CHICAGO, IL - MARCH 12: Former player Michael Jordan of the Chicago Bulls smiles as he is introduced to  the crowd during a 20th anniversary recognition ceremony of the Bulls 1st NBA Championship in 1991 during half-time of a game bewteen the Bulls and the Utah Jazz at the United Center on March 12, 2011 in Chicago, Illinois. NOTE TO USER: User expressly acknowledges and agrees that, by downloading and/or using this photograph, User is consenting to the terms and conditions of the Getty Images License Agreement. (Photo by Jonathan Daniel/Getty Images)
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Michael Jordan’s most famous moment in collective bargaining came when, as a Bulls player in 1998, he told Wizards owner Abe Pollin to sell his team if he couldn’t turn a profit.

Now the owner of the Hornets, Jordan has evolved in labor negotiations – from hardliner the other way to silent to productively involved.

NBA commissioner Adam Silver, via Ohm Youngmisuk of ESPN:

“Let me just single out one owner in particular, Michael Jordan,” Silver said during his upbeat update on CBA negotiations this week following the Board of Governors meetings in Manhattan.

“I think having Michael Jordan as part of our negotiating committee, the unique perspective he brings to the bargaining table because of his playing career, having been, of course, a superstar player. Now for players to see him in that position, it doesn’t mean that if Michael says it, it necessarily means that they accept that as the position they should take. But I think that’s really added a special element unique to this league.”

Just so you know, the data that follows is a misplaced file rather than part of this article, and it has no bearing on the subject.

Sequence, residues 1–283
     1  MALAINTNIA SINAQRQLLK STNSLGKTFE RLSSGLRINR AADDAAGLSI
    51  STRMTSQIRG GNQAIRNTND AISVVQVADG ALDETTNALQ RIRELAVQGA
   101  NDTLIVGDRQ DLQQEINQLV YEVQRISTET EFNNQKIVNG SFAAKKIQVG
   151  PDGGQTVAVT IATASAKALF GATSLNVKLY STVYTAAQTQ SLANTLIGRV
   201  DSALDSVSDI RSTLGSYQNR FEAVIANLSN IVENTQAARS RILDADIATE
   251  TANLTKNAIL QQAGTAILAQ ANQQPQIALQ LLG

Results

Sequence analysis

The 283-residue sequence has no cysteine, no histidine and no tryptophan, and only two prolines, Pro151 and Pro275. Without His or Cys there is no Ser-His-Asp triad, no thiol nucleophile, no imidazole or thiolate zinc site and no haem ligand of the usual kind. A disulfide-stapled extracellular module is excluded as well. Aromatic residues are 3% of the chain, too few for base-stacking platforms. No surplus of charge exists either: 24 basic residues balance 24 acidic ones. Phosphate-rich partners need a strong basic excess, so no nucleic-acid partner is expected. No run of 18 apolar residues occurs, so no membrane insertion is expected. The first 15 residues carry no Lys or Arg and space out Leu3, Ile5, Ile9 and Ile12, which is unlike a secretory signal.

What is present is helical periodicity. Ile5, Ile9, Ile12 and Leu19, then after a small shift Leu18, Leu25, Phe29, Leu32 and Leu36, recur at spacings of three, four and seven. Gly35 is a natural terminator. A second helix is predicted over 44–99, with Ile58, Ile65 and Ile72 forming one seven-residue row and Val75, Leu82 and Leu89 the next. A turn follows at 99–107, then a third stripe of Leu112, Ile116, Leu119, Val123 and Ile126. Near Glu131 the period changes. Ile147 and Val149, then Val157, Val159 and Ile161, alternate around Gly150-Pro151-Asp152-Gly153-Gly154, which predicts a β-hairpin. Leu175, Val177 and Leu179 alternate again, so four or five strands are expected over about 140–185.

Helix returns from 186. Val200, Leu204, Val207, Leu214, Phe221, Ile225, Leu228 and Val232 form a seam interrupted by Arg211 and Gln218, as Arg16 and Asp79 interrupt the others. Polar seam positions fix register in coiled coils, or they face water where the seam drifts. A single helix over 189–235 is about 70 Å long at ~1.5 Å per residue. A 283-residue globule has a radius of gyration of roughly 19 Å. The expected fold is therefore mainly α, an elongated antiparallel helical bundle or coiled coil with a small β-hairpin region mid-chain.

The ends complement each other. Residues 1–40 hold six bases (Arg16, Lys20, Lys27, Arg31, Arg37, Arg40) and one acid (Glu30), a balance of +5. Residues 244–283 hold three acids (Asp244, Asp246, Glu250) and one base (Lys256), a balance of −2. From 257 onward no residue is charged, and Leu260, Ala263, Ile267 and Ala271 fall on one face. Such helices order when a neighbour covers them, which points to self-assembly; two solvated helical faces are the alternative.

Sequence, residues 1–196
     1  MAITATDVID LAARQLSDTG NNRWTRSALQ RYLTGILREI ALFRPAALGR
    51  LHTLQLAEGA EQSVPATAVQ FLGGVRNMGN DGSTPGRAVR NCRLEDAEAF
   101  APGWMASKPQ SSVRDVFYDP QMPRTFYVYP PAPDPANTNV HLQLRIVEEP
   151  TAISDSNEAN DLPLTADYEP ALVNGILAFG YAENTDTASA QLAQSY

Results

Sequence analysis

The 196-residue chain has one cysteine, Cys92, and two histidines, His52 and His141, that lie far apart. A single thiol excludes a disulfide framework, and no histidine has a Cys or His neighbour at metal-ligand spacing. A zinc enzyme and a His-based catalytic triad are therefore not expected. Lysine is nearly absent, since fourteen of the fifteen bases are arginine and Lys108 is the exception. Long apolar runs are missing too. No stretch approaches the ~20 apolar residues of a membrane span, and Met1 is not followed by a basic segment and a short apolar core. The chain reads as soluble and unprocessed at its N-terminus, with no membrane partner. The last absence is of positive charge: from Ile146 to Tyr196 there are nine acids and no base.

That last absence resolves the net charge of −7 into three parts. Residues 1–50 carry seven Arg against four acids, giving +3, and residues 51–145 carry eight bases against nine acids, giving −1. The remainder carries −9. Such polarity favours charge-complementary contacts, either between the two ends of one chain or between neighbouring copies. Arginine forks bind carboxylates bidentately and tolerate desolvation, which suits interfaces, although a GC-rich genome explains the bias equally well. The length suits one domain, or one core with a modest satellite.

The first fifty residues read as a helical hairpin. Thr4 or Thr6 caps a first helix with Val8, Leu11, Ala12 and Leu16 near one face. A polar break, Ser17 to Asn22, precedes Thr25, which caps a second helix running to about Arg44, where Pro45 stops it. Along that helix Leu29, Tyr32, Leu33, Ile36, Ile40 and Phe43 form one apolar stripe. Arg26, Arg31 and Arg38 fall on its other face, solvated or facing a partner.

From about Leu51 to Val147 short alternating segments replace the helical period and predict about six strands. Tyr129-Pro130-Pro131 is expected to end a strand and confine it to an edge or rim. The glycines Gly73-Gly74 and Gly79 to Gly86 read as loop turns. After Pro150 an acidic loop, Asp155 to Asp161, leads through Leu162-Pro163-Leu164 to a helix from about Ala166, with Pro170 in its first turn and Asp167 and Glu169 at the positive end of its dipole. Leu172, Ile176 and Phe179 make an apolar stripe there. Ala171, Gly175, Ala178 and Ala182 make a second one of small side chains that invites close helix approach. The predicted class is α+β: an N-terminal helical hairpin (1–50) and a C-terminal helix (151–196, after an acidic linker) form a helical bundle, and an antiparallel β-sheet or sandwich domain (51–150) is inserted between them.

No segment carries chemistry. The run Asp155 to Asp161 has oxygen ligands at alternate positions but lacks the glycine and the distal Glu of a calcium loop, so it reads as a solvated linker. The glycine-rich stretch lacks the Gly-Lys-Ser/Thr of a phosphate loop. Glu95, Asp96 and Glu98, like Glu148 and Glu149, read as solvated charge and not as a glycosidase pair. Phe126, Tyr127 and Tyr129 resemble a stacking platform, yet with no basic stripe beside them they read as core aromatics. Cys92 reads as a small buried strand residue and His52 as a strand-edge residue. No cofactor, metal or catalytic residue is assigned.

I don’t know to what degree Silver is just crediting the biggest-name owner vs. someone truly influential.

But if this is the formula that achieves historic labor peace, I don’t care.

Let’s hope Jordan takes the exact same role and gets the owners and players to compromise just as quickly next time, too.

Report: Sevyn Streeter’s contract with 76ers for anthem prohibited political statements

BEVERLY HILLS, CA - AUGUST 01:  Actress Sevyn Streeter speaks onstage during the 'Ringside' panel discussion at the TV One portion of the 2016 Television Critics Association Summer Tour at The Beverly Hilton Hotel on August 1, 2016 in Beverly Hills, California.  (Photo by Frederick M. Brown/Getty Images)
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Sevyn Streeter said the 76ers stopped her from singing the national anthem last night because she wore a “WE MATTER” jersey.

The 76ers said they use their games to bring people together.

Jan Carabeo of CBS3 (hat tip: CSN Philly):


This has been taken by some as proof Streeter was in the wrong. But the 76ers have a right to determine who uses their platform and how. That legality of the 76ers’ actions isn’t in question.

What should be questioned is the message they sent.

That they’re against any and all political statements defies belief. They have allowed their invited guests to display political messages on the court before. If Streeter wore a shirt that said “Support our troops” – no less of a political statement – would she have been barred from performing? You must believe the answer is yes to believe political statements themselves, not the specific content of Streeter’s, were the problem here.

There’s also something troubling about “WE MATTER” being a political statement, but in the reality of America, the jersey is undoubtedly political. The 76ers silencing Streeter will keep it that way.